“Ah,” said Simon. “I asked you, particularly, to assess his response to scenes of violence and coercion.”
“Strongly negative, sir. More or less the opposite of what you were worried about.”
Simon looked up sharply. “High enough to suggest prior sexual trauma?”
“None of the usual signs of it, but ... high end of normal, for sure. Bothered by some things that male subjects don’t usually mind. Everything else seems quite typical. Well, he’s bisexual.”
“He disclosed that in his interview.”
“Kind of tilted toward one end of the scale, though.”
“No surprises there.”
“Oh, yes, there are.” Aristide smirked a little. “I didn’t say which end.”
“Are you telling me,” said Simon, “that one of these days, Vorrutyer is going to abandon us for a nice girl and a white picket fence?”
“Well,” said Aristide rather dubiously, “more likely a girl than a boy, anyway.”
Right; nice and picket fence almost certainly weren’t part of the Vorrutyer style. “Well, we’ll just have to get as much use out of him while we can, won’t we? I’d like to speak to him. Show him in.”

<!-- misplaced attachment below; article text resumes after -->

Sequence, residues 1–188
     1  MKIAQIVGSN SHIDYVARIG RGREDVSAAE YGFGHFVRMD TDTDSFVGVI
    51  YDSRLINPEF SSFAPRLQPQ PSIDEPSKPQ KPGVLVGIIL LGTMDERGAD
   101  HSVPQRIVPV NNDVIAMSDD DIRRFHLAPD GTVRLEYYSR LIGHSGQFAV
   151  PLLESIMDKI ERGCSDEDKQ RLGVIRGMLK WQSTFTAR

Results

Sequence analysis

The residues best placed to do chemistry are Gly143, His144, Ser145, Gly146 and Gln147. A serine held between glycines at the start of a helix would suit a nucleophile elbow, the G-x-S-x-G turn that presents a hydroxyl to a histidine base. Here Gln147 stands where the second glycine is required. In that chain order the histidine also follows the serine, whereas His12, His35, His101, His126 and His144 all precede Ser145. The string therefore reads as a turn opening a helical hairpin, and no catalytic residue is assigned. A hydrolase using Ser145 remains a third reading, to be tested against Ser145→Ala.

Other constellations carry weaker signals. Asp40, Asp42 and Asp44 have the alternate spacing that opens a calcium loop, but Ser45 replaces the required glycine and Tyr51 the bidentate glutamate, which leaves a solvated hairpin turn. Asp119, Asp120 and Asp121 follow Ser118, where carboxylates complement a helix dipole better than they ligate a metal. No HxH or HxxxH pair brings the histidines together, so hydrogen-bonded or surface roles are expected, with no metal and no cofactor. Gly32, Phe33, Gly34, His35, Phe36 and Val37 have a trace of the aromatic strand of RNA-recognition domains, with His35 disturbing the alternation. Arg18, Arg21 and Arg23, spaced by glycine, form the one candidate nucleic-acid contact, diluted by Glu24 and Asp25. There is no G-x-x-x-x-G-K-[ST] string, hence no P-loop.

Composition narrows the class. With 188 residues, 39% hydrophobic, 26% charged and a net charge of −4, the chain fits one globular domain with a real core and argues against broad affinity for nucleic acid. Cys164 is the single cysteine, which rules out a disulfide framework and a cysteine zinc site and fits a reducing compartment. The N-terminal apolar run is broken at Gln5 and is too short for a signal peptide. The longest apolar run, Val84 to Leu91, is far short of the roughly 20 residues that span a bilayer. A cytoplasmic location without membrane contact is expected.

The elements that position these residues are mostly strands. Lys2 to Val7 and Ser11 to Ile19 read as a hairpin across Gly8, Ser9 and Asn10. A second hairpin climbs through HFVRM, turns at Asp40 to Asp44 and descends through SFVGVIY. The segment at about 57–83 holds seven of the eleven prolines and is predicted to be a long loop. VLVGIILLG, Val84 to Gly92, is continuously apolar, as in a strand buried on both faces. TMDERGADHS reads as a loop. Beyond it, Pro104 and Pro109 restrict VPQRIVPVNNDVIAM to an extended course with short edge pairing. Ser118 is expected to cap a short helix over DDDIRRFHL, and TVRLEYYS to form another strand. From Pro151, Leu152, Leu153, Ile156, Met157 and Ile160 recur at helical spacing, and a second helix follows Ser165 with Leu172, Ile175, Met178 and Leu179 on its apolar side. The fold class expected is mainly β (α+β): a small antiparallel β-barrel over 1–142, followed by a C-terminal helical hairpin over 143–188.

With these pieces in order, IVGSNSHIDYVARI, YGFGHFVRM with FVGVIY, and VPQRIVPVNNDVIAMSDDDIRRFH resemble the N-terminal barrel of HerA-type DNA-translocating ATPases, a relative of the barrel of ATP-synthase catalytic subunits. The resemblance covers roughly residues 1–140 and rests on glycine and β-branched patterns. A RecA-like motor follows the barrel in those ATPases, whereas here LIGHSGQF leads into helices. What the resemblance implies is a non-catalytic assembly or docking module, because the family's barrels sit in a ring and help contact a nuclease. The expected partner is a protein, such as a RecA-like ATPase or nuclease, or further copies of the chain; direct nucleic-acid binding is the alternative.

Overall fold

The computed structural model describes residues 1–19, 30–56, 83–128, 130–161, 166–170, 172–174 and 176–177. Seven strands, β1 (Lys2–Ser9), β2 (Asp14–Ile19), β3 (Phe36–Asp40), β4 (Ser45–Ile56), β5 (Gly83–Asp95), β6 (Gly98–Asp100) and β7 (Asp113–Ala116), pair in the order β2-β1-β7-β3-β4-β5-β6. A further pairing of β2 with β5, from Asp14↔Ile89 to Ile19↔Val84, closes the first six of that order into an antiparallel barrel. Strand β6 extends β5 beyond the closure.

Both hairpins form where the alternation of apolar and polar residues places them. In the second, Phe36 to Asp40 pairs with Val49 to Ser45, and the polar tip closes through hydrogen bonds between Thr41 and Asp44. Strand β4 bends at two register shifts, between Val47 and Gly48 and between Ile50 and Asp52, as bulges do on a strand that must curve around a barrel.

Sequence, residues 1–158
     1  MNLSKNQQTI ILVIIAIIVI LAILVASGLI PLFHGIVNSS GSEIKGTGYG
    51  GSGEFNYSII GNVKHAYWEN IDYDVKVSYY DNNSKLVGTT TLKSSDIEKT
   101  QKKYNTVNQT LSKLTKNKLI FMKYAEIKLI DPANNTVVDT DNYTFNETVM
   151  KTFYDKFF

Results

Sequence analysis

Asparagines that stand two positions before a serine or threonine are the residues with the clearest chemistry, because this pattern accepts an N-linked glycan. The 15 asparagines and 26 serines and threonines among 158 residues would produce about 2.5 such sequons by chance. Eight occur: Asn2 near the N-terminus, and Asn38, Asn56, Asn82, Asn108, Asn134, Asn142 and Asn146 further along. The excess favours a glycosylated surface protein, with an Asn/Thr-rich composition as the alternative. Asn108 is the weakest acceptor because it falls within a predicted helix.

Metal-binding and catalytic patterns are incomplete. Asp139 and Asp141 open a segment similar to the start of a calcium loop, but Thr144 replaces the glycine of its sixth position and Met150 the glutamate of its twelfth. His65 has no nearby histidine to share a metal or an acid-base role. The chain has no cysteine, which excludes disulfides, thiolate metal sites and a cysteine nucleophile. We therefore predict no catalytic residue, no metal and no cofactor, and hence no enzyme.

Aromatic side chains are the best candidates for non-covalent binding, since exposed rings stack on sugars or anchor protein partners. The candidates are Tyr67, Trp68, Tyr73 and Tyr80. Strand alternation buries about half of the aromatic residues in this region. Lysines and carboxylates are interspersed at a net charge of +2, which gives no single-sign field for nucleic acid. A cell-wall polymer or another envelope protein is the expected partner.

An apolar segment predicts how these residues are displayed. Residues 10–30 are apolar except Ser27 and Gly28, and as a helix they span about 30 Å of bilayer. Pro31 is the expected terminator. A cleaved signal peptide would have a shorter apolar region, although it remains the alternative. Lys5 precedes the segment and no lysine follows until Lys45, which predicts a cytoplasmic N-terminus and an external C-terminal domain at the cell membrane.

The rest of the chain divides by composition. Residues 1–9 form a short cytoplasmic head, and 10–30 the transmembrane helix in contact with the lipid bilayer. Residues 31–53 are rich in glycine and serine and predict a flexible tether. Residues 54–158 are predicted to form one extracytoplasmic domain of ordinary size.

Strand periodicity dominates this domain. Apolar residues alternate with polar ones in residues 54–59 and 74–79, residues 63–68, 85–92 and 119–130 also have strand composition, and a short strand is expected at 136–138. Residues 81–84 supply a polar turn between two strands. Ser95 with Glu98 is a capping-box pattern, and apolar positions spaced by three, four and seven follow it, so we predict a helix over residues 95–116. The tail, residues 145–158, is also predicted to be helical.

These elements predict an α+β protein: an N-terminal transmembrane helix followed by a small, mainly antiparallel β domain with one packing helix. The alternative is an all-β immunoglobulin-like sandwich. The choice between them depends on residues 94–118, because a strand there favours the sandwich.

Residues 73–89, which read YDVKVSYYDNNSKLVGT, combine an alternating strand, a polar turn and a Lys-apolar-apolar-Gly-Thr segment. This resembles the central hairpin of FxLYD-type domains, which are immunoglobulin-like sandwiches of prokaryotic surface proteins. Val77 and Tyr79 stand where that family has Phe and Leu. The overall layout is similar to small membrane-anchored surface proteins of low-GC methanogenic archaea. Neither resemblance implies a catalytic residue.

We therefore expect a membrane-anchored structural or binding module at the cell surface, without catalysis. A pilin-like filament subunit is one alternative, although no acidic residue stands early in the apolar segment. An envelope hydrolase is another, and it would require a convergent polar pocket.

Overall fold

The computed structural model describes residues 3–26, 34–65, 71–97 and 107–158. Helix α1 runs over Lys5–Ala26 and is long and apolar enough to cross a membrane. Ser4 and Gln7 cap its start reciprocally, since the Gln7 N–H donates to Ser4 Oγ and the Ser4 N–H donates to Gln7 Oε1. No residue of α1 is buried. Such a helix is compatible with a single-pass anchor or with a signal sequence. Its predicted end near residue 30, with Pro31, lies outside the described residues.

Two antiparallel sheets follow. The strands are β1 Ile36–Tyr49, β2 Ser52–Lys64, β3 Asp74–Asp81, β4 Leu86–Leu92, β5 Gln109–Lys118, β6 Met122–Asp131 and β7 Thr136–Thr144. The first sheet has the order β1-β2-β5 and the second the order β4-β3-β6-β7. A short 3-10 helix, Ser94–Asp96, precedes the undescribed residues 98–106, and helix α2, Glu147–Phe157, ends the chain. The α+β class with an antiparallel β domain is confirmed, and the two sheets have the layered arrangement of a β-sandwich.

* * *
Ges Vorrutyer’s nephew looked less like his uncle in person than he did on the screen. Younger, slimmer; also more vulnerable, try as he might to disguise it.
“Well, well. I had no idea that ImpSec possessed such a remarkable collection of vids. What an interesting life your archivist must lead. Or is it produced in-house, I wonder?”
“Sit down,” said Simon curtly. He didn’t order Vorrutyer to drop the lounging, insolent manner; he didn’t need to. After all these years, he could do it with a look. Vorrutyer sat. “It is not produced in-house. It is primarily Betan in origin. Acting in adult vids is a very well-respected and well-paid profession on Beta.”
“I see. Ethically sourced pornography. What a relief.” The voice was perfectly flat, detached; but Simon noticed an almost imperceptible slackening of posture that suggested it actually was a relief.